Wine as a Force for Good and Evil Hot

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Dionysus, Greek God of Wine, Roman Copy of Greek Original, late 4th century BCE

Dionysus, Greek God of Wine, Roman Copy of Greek Original, late 4th century BCE
Photo © thisisbossi



Wine is a potent drink and in modern society anything potent is likely to be feared for the harm it can do. Is wine truly so potent that it must be feared, though? What we should understand about potency is that the power to cause harm is generally balanced by the power to do good as well. Thus the harm which some people fear wine can cause is balanced by the potential good it can do when used correctly. The question is, how do we best develop wine's potency for good without risking harm?



This is ultimately a philosophical question about the nature and use of wine, so the first place to look for answers would be with those who first philosophized about wine and who used wine in their philosophical investigations: the ancient Greeks. The Greeks weren't the first to develop a wine culture, but we know more about theirs than that of any earlier civilization and we can also see how it developed.



One important aspect of Greek wine culture was incorporating wine and other pleasures in their philosophy. Among the philosophical questions explored by the Greeks in which wine played a role was that of moderation: how much of a thing was good for you and how much was bad for you? Wine, many decided, was very good in the right quantities and the right situations even if it had the power to cause problems as well.


Modern socially aware societies very often take fright at anything with potency (e.g., nuclear power, genetic manipulation, and politicians in a hurry), because they bring with them potential dangers. Nobody can deny that alcohol has been throughout its history a potentially disruptive force, with the power to wreck seemingly worthwhile lives.



The philosophy of the nanny state, however, by which we are all protected whether we like it or not from anything we could seriously abuse, was not a phenomenon that the Greeks knew much about. The dangers of their world were in any case so great, and life expectancy sufficiently low, that the risks seemed less significant. Plato at least was strongly inclined to regard power as a double-edged sword, whose potential for ill exactly matched its potential for good, for even the actions that power led to were not good or bad in themselves, only in relation to the benefit or harm they could result in (Gorgias 467c–8e).



Consequently, while autocracy was according to the Statesman the recipe for the most power to achieve good, it was also the recipe for the most evil; correspondingly, whereas democratic government had the least power for evil, it also had the least power to achieve good. That message is reinforced in the Crito (44d), where Crito’s warnings about the power of Athenian democracy to harm him are answered by Socrates’ expression of regret: unfortunately their power to harm is rather slight, which means that their power for good is rather slight too.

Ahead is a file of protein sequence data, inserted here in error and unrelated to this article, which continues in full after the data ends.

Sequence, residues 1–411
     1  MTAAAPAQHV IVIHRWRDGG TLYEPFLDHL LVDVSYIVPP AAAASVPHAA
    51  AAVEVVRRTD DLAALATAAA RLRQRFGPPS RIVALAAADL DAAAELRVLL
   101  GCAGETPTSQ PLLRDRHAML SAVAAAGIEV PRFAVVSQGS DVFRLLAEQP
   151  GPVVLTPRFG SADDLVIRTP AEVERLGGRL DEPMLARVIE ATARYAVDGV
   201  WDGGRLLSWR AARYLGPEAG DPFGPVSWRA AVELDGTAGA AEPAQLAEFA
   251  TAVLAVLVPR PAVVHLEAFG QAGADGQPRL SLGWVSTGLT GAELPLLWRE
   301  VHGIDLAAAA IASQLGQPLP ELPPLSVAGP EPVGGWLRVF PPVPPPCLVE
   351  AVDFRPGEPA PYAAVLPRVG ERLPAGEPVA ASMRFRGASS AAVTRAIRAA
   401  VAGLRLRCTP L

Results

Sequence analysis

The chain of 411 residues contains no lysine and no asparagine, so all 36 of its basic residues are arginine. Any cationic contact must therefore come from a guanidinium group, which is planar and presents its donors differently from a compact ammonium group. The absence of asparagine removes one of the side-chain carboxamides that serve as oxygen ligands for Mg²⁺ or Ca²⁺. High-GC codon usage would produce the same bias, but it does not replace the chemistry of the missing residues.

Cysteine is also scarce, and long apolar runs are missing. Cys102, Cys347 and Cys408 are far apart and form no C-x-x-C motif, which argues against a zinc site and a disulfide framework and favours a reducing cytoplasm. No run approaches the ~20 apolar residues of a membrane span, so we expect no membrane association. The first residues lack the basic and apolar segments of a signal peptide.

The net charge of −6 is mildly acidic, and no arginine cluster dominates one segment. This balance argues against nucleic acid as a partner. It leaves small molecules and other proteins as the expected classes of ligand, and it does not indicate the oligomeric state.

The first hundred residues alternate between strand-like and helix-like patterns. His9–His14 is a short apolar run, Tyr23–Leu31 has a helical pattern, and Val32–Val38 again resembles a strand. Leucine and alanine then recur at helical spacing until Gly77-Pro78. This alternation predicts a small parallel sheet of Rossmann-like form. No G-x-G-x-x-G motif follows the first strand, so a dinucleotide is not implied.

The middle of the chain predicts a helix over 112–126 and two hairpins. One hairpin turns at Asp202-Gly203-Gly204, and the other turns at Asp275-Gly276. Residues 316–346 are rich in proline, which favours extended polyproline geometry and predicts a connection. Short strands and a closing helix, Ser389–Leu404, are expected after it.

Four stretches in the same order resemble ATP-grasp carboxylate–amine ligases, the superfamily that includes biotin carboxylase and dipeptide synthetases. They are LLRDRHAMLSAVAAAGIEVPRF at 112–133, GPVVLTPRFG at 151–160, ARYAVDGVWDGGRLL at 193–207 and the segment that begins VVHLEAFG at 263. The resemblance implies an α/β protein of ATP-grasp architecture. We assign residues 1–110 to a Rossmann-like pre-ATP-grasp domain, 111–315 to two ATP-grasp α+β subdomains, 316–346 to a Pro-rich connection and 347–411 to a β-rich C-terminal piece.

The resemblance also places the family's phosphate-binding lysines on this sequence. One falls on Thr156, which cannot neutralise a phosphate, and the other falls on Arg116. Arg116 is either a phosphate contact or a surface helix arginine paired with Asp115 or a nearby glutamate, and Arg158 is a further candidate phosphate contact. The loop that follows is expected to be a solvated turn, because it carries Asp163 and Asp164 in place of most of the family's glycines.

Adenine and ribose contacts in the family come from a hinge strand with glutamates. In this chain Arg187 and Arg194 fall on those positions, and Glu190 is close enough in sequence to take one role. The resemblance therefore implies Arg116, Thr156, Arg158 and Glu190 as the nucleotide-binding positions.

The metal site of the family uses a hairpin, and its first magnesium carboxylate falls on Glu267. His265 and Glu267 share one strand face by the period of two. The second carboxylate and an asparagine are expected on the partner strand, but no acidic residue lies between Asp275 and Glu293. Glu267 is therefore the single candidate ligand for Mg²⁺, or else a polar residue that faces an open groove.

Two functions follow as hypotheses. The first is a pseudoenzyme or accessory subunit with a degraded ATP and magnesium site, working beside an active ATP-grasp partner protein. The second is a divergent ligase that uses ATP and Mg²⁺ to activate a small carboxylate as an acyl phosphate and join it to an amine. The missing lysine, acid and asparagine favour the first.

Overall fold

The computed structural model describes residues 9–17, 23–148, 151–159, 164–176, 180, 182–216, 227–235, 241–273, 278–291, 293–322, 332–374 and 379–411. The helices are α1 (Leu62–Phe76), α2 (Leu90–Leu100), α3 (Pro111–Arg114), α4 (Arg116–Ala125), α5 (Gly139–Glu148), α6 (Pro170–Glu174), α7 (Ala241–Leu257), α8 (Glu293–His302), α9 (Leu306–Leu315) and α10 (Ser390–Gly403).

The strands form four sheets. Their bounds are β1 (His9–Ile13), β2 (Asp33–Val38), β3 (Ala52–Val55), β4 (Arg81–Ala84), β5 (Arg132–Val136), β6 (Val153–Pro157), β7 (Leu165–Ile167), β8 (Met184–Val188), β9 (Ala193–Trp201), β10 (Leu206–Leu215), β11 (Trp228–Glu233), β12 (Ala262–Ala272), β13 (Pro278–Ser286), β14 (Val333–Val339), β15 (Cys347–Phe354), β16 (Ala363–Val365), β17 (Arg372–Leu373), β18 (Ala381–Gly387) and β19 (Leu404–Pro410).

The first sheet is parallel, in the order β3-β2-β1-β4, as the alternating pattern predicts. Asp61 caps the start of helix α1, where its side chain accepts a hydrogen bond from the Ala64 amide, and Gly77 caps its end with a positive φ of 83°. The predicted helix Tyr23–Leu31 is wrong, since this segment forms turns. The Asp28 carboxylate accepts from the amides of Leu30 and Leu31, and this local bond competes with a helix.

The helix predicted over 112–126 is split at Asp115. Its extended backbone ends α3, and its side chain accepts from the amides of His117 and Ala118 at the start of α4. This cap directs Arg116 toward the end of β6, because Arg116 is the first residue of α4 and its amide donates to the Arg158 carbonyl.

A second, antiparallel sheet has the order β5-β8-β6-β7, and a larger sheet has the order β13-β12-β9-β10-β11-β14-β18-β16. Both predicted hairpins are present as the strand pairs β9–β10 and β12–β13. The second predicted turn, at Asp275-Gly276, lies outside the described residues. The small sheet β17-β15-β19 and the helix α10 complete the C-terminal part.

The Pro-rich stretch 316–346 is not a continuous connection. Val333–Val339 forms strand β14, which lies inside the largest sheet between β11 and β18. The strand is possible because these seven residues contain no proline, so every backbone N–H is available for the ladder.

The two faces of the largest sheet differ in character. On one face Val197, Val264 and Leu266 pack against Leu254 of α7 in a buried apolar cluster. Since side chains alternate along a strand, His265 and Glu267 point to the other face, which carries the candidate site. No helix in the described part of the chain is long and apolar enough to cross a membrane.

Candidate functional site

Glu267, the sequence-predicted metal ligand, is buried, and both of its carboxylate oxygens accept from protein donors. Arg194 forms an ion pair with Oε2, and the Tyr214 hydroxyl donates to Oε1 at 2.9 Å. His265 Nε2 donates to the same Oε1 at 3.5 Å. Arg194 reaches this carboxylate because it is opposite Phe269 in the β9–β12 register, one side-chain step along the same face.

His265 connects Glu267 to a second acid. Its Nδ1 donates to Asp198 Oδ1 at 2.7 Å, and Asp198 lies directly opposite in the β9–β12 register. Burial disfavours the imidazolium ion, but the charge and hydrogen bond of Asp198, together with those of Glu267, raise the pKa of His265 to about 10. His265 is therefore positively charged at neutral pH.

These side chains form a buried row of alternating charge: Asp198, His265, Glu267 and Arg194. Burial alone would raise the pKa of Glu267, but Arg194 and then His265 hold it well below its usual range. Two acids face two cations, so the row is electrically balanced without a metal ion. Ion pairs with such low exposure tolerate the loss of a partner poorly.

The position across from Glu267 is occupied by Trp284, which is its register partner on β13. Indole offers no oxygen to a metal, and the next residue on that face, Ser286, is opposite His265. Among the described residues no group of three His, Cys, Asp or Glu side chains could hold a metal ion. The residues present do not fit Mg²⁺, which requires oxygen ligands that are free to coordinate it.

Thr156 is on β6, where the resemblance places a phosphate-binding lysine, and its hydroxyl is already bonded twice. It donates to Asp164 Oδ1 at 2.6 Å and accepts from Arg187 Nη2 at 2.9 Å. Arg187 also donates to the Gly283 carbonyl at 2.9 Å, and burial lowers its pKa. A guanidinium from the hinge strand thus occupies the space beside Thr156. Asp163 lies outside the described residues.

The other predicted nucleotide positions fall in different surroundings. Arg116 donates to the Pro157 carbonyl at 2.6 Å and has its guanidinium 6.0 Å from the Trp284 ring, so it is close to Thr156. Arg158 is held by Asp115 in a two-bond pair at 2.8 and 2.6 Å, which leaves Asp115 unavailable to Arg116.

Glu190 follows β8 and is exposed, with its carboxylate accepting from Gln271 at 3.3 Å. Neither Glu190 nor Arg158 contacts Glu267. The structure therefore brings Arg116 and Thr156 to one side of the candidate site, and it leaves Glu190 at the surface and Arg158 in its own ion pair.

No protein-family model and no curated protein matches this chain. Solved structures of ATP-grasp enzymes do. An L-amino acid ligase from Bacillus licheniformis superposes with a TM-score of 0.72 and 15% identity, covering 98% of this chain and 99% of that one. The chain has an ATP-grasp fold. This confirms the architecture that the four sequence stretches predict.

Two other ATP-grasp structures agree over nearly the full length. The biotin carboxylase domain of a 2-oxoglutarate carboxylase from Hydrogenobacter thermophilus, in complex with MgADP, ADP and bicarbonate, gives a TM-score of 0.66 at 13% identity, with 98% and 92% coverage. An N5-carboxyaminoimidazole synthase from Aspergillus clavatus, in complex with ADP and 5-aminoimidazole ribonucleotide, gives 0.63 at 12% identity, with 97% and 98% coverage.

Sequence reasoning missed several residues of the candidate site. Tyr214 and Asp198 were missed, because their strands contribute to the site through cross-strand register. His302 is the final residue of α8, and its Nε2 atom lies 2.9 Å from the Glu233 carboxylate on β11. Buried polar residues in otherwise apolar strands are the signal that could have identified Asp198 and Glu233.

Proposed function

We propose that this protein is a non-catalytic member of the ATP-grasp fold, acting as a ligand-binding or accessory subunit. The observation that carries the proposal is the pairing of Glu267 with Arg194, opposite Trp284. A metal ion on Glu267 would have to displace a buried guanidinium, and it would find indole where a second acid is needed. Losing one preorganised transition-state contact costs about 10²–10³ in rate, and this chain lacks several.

So wine’s power to harm should, according to the same principles, be exactly balanced by its power for harm.





Source: Fritz Allhoff, Wine & Philosophy: A Symposium on Thinking and Drinking




It's surely not a coincidence that there have been so many different attempts by "nanny state" governments to control and regulate not just wine but all alcoholic beverages because of their potency for causing harm. This is not, however, something limited to just the much-maligned nanny states of the modern era. Religious governments have sought to control, regulate, and even ban alcohol for precisely the same reason: they are potent substances which can cause great harm.



If Plato and other Greek philosophers were right, though, restrictions which successfully limit the potential harms of wine also necessarily limit the potential good which can come from wine. This means that people are being denied important goods simply because they might misuse wine in ways that cause harm. Wouldn't it make more sense to help teach people to make better decisions so they can benefit from the good which potent substances have to offer?




Looked at in this way, the potency of wine, whose double-edged powers were already brilliantly contrasted in Euripides’ Bacchae, should never be something to be thrown out unthinkingly because of its dangers, but rather something to be used for the better like any other power.



Using anything for the better requires expertise, both a general grasp of social ethics and a more technical expertise relating to the thing being used. Plato notes at Protagoras 319c how nonexperts are not tolerated by the Athenian people if they try to advise on any subject permitting expertise.


Part of what it means to be human — and one of the values of human civilization — is the ability to control potent substances in order to use their power for our benefit and not have to passively suffer from the harms they may cause. Other animals have few options but to run from fire or raging waters, but humans also have the ability to harness the potency of fire and water. We are not immune from the harms they cause, but unlike other animals we build social systems which help us harness that power for good as well.




Wine was no different in the eyes of the majority of Greek philosophers including Plato, something to be used with both an understanding of society’s needs and an expertise in the specific capabilities of the substance itself. In short, one might expect experts on wine to be required to advise the nation on all policy relating to wine.